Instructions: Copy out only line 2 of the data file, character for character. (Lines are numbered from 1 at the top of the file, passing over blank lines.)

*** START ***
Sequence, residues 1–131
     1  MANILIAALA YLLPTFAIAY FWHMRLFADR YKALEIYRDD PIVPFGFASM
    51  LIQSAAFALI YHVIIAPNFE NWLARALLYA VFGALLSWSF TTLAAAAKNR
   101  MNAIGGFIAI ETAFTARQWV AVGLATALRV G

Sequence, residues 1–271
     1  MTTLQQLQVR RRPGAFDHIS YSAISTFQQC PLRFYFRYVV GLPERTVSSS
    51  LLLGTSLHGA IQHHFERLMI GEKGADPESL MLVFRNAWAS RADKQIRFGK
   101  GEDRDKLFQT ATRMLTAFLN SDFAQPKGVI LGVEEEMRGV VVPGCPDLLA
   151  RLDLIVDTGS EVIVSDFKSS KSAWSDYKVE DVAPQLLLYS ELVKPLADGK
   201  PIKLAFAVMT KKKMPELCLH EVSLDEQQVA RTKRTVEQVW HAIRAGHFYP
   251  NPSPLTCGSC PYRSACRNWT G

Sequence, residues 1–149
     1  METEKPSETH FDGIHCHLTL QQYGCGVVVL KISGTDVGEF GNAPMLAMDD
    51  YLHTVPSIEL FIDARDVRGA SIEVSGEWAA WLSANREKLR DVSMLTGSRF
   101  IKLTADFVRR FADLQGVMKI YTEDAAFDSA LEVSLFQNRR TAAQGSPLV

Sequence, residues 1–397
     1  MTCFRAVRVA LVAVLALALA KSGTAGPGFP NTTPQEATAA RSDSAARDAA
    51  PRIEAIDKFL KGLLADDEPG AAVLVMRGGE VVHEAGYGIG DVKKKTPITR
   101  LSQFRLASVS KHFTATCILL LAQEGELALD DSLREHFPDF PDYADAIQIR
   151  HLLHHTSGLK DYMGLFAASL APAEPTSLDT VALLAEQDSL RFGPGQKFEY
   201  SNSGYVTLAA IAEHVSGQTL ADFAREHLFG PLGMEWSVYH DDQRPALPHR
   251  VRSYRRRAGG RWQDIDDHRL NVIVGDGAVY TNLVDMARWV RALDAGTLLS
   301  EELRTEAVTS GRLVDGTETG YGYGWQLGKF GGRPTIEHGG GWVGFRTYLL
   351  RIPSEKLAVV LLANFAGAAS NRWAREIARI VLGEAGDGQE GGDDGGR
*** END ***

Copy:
     1  MANILIAALA YLLPTFAIAY FWHMRLFADR YKALEIYRDD PIVPFGFASM